His unforgiving countrymen, suspicious of change under the best of circumstances and rattled by globalization, migration and encroaching populism, have grown impatient with him.

Despite 18 months of reforms, the unemployment rate has barely budged and hovers over 9 per cent. The economy is growing at a meagre rate, around 1.7 per cent.

In small-town France, where there has been a steady retreat of services, underway long before Mr. Macron took office, the negative feelings are especially sharp. They have been made more acute by his proposal to do a way with a crucial tax on which these towns depend, the lodgings tax.

“I’m a little bit perplexed. The numbers just not there,” said Gilles Bosseboeuf, a retired electronics company manager who is mayor of the village of Champagné-Saint-Hilaire, outside Poitiers. “Very disappointed, in fact.”

Pollsters confirm these sentiments.

“He’s no longer seen as renewing the office of the presidency,” said Frédéric Dabi, a pollster at IFOP, the French Public Opinion Institute. “And public opinion has become extremely demanding. His reforms are seen as unjust. People are thinking that the majority isn’t benefiting.”

Mr Macron’s defenders say that his agenda is for the long haul, and that it is too soon to pass judgment.

“We didn’t say that we were going to change the country in a year and half,” said Stanislas Guerini, a lawmaker from Paris who is a spokesman for Mr. Macron’s movement, La République en Marche (The Republic on the Move).

“If we really want to change the country deeply, we’ve got to take the time to undertake deep reforms,” Mr Guerini said.

He pointed to what he called “weak signals” that Mr. Macron’s program was having an effect: 40 percent more youth enrolled in apprenticeship programmes; 15 per cent fewer disputes before labour tribunals; 15 billion euros, or $17.6 billion, invested in job training programmes; a doubling of classes in troubled areas.

“All of our policies are geared towards emancipation, so that no matter where you start, you will have the same chance as anybody else,” said Hervé Berville, another spokesman for Mr Macron’s movement. “We want people to leave poverty, not live better in poverty.”

However, many people complain that the burden of moving the economy forward has been foisted on the less fortunate of an ageing population.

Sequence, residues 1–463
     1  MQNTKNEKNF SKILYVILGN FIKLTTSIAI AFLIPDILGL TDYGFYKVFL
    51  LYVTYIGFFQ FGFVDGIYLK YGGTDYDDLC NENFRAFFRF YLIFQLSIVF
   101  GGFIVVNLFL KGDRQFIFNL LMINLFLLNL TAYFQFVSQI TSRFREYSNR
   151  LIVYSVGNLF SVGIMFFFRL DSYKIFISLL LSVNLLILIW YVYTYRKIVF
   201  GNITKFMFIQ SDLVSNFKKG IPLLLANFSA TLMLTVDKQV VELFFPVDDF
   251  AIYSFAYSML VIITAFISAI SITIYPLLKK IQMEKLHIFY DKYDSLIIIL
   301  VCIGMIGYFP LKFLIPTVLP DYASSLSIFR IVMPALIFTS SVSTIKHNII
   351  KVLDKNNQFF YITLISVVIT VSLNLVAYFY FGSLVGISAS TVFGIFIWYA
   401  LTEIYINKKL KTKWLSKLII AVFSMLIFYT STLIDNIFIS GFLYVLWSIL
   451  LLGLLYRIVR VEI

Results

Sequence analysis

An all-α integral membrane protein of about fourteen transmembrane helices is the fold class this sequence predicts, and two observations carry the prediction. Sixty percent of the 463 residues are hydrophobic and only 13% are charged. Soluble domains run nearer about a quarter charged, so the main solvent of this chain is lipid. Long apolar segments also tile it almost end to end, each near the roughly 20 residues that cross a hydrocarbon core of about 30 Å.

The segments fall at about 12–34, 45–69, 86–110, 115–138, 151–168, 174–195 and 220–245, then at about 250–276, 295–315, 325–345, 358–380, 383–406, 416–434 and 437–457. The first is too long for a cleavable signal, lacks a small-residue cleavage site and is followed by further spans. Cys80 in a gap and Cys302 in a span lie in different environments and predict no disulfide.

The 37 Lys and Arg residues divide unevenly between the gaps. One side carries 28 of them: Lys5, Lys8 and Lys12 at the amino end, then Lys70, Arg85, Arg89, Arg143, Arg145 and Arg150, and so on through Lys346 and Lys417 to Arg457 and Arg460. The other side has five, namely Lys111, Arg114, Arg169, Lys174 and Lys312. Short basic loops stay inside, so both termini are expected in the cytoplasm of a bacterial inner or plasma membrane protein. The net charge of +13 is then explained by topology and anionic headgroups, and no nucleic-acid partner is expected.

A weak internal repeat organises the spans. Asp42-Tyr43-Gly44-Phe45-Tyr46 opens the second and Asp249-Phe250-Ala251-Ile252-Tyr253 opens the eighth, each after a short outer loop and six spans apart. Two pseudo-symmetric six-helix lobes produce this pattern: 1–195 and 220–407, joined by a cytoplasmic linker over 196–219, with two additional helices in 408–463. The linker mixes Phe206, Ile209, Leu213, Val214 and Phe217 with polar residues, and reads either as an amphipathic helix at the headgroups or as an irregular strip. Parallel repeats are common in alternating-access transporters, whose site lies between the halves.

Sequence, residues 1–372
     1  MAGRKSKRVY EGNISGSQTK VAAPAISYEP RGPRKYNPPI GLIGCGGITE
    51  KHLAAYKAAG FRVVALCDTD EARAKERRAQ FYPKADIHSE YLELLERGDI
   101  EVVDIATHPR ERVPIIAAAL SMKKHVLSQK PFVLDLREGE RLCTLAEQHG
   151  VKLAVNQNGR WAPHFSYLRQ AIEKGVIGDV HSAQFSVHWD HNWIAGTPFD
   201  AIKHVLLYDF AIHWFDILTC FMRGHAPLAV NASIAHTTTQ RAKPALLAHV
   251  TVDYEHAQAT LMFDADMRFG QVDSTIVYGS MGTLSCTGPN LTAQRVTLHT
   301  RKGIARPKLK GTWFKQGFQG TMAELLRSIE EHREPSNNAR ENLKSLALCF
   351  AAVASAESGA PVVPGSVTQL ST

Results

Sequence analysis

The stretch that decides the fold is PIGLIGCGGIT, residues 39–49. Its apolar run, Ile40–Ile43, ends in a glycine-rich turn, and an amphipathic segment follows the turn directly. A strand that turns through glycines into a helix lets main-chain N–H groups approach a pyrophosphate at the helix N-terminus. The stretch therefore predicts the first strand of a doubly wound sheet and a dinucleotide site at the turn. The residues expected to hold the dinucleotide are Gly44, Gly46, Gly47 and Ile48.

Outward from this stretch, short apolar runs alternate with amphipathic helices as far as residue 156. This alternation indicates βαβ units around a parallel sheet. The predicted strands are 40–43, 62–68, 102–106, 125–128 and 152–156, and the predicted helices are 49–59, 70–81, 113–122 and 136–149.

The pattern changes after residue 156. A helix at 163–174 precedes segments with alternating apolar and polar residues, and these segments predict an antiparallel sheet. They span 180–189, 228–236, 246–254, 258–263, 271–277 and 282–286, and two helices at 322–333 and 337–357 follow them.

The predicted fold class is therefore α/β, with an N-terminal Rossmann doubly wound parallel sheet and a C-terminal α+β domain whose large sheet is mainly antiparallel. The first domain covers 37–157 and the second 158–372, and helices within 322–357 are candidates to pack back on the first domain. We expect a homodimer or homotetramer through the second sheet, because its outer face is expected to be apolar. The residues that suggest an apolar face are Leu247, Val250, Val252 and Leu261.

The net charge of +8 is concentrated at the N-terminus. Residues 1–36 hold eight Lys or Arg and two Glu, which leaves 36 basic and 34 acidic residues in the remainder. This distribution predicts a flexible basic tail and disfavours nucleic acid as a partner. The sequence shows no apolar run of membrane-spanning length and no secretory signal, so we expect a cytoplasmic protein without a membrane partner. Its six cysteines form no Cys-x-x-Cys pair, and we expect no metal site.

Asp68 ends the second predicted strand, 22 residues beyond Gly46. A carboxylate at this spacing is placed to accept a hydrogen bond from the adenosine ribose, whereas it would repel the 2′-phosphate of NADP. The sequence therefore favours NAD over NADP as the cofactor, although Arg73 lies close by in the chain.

"Macron’s falling, and the grace period is finished,” said Mr. Pain, the mayor, who is a retired schoolteacher. “The results just not there. There’s no improvement in the unemployment rate. France’s reindustrialisation is not taking off.”

“They’re hitting retirees hard,” he added – a widely shared perception, and a dangerous one for Mr Macron in a country where most retire at 62 or earlier and the ratio of retired people to workers is expected to be one to one by 2030.

Around 60 percent of retirees – those earning over $25,000 – have seen a social security tax on their state pensions increase by nearly 2 per cent under Mr Macron, while the value of their pensions is not keeping pace with inflation.

“He’s nicking money from me,” said Roger Coquillaud, 65, a retired army officer at the modest central cafe in Civray.

Facing angry reactions, the government announced this past week that it would exempt some 300,000 retirees from the tax increase.

Mr. Macron’s perceived imperious manner – in a country where toppling leaders is part of the national DNA – has only compounded the fears of social and economic slippage.

The persistent litany of complaints about him – that he is arrogant, that he doesn’t listen to the less fortunate, that he is authoritarian, that his policies favour the well-to-do – are self-reinforcing and feed on one another.

“When you’ve already got a bad opinion of a politician, the slightest thing can add to it. There’s a bad atmosphere around it,” said Jean-Michel Clément, the local representative in Parliament who broke with Mr Macron over the president’s toughening line on immigration, and who has been effectively shut out ever since.

Emmanuel Macron’s environment minister Nicolas Hulot quits live on French radio

The cross-fertilizing element in the complaints about Mr. Macron was evident in the responses of many.

“For me, I think he’s moving further and further away from the population,” said Jean-Marie Peigner, a retired phone company worker who is now the part-time mayor of the adjoining village of Saint-Pierre-d’Exideuil. “I have quite a few who regret having voted for him.”

Among the regretful is Bernard Blanchet, 61, who directs a music school in Montmorillon.

“There’s a kind of spirit of royalism in him,” said Mr Blanchet, who had stopped between two market stalls to discuss politics.

Mr. Macron once declared to an interviewer that the French missed their king – forgetting that they had also executed him.

“You can’t disagree with him,” Mr Blanchet said. “It’s clear: I won’t vote for him again.”

The New York Times